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Zinc-buffering capacity of a eukaryotic cell at physiological pZn

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In spite of the paramount importance of zinc in biology, dynamic aspects of cellular zinc metabolism remain poorly defined at the molecular level. Investigations with human colon cancer (HT-29) cells establish a total cellular zinc concentration of 264 μM. Remarkably, about 10% of the potential high-affinity zinc-binding sites are not occupied by zinc, resulting in a surplus of 28 μM ligands (average K cd  = 83 pM) that ascertain cellular zinc-buffering capacity and maintain the “free” zinc concentration in proliferating cells at picomolar levels (784 pM, pZn = 9.1). This zinc-buffering capacity allows zinc to fluctuate only with relatively small amplitudes (ΔpZn = 0.3; below 1 nM) without significantly perturbing physiological pZn. Thus, the “free” zinc concentrations in resting and differentiated HT-29 cells are 614 pM and 1.25 nM, respectively. The calculation of these “free” zinc concentrations is based on measurements at different concentrations of the fluorogenic zinc-chelating agent and extrapolation to a zero concentration of the agent. It depends on the state of the cell, its buffering capacity, and the zinc dissociation constant of the chelating agent. Zinc induction of thionein (apometallothionein) ensures a surplus of unbound ligands, increases zinc-buffering capacity and the availability of zinc (ΔpZn = 0.8), but preserves the zinc-buffering capacity of the unoccupied high-affinity zinc-binding sites, perhaps for crucial physiological functions. Jointly, metallothionein and thionein function as the major zinc buffer under conditions of increased cellular zinc.

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  1. “Free” zinc has been referred to as “freely available,” “labile,” or “rapidly exchangeable” zinc that is readily bound to chelating agents. Each term is an operational definition and has its limitations. For the lack of a better term, “free” zinc is used in this work, albeit with the understanding that the chemical nature of the ligands of ionic zinc is not known. “Rapidly exchangeable” implies certain kinetic mechanisms. Thus, there are pools of thermodynamically tightly bound zinc with considerable “kinetic lability” in exchange reactions. A prime example is metallothionein.


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This work was supported by National Institutes of Health Grant GM 065388 to WM. We thank Dr. V.M. Sadagopa Ramanujam, Associate Professor, Department for Preventive Medicine and Community Health, The University of Texas Medical Branch, for metal analyses by atomic absorption spectrophotometry (supported by the Human Nutrition Research Facility) and Drs. Christopher J. Frederickson and Hans-Werner Adolph for discussions.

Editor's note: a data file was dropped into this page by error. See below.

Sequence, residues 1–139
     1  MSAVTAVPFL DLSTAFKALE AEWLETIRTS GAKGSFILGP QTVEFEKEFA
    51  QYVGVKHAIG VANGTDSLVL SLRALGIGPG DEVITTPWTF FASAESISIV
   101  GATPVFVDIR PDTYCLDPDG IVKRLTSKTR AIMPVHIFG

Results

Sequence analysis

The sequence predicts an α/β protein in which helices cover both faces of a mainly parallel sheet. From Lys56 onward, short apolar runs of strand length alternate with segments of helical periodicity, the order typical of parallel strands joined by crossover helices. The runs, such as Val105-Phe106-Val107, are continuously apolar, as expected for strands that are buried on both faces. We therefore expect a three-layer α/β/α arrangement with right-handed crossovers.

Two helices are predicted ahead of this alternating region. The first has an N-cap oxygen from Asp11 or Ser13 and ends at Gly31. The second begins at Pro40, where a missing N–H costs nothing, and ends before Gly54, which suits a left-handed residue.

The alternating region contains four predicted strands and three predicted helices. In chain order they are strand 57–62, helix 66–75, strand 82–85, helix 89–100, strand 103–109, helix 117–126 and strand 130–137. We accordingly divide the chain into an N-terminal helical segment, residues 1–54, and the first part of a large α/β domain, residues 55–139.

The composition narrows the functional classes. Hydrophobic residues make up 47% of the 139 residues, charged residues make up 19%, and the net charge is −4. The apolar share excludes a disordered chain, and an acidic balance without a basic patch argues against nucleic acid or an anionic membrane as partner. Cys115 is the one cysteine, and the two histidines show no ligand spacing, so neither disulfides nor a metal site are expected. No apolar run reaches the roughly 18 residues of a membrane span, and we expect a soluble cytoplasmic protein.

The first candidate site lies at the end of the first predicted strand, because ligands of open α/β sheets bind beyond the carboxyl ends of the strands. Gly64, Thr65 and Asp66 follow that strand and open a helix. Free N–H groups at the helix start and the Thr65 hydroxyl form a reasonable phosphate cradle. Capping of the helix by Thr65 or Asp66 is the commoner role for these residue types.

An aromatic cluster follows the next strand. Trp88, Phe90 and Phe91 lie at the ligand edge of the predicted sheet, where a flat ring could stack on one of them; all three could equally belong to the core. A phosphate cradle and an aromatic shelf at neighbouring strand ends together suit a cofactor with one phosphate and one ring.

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Correspondence to Wolfgang Maret.


Appendix 1

Variation of “free” zinc in the presence of two ligands, where L1 represents the bulk of cellular zinc proteins and L2 represents the fluorescent probe. The simulations demonstrate that under zinc-buffering conditions extrapolation with a linear function (Fig. 2) is permissible. The concentrations of total zinc and probe correspond to those experimentally determined. The buffered system (Fig. 7, panel A) corresponds to the experimental condition of an excess of unbound ligands (292 μM, corresponding to the sum of 264 μM occupied and 28 μM surplus ligands), whereas the unbuffered (264 μM) system (Fig. 7, panel B) corresponds to a fictional condition without additional zinc-buffering capacity. Intermediate conditions with L1 values of 270, 275, 280, 285, 290, and 295 μM are represented in Fig. 7, panel C, curves a–e, respectively.

Fig. 7
figure 7

Relation between the concentration of FluoZin-3 and “free” zinc in a buffered (a) and an unbuffered (b) system, and in systems with different buffering capacity (c)

Appendix 2

Simulation of the Zincon–zinc titration (Fig. 8) in the presence of intracellular unbound ligands with various affinities for zinc and experimentally determined parameters (Fig. 4).

Fig. 8
figure 8

Zincon–Zn titration as a function of cellular ligands with different dissociation constants: 83 pM (squares), 3.2 nM (triangles), and 10 nM (circles). The dissociation constant (pKd = 4.9) of the Zn-Zincon complex at pH 7.4 and ε620 = 23,200 M−1 cm−1 were from  [17]. Zincon concentration 200 μM; total cellular ligands 24.53 μM; total zinc 22.18 μM; zinc added 0–6.38 μM

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Krężel, A., Maret, W. Zinc-buffering capacity of a eukaryotic cell at physiological pZn. J Biol Inorg Chem 11, 1049–1062 (2006).

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